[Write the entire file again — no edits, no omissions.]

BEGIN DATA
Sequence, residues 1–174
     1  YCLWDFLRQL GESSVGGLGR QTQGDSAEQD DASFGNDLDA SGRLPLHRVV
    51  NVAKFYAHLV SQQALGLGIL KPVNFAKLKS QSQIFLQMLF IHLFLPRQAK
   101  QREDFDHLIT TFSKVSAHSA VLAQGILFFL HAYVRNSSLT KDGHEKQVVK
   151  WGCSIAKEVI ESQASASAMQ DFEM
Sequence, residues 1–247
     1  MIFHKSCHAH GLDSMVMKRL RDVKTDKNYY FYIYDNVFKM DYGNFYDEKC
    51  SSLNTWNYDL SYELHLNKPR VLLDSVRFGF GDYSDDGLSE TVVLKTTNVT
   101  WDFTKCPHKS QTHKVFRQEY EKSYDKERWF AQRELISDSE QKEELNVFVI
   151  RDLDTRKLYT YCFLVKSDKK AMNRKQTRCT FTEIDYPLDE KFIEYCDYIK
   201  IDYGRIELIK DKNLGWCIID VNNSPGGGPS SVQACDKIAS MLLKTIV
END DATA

Sequence, residues 1–174
     1  YCLWDFLRQL GESSVGGLGR QTQGDSAEQD DASFGNDLDA SGRLPLHRVV
    51  NVAKFYAHLV SQQALGLGIL KPVNFAKLKS QSQIFLQMLF IHLFLPRQAK
   101  QREDFDHLIT TFSKVSAHSA VLAQGILFFL HAYVRNSSLT KDGHEKQVVK
   151  WGCSIAKEVI ESQASASAMQ DFEM
Sequence, residues 1–247
     1  MIFHKSCHAH GLDSMVMKRL RDVKTDKNYY FYIYDNVFKM DYGNFYDEKC
    51  SSLNTWNYDL SYELHLNKPR VLLDSVRFGF GDYSDDGLSE TVVLKTTNVT
   101  WDFTKCPHKS QTHKVFRQEY EKSYDKERWF AQRELISDSE QKEELNVFVI
   151  RDLDTRKLYT YCFLVKSDKK AMNRKQTRCT FTEIDYPLDE KFIEYCDYIK
   201  IDYGRIELIK DKNLGWCIID VNNSPGGGPS SVQACDKIAS MLLKTIV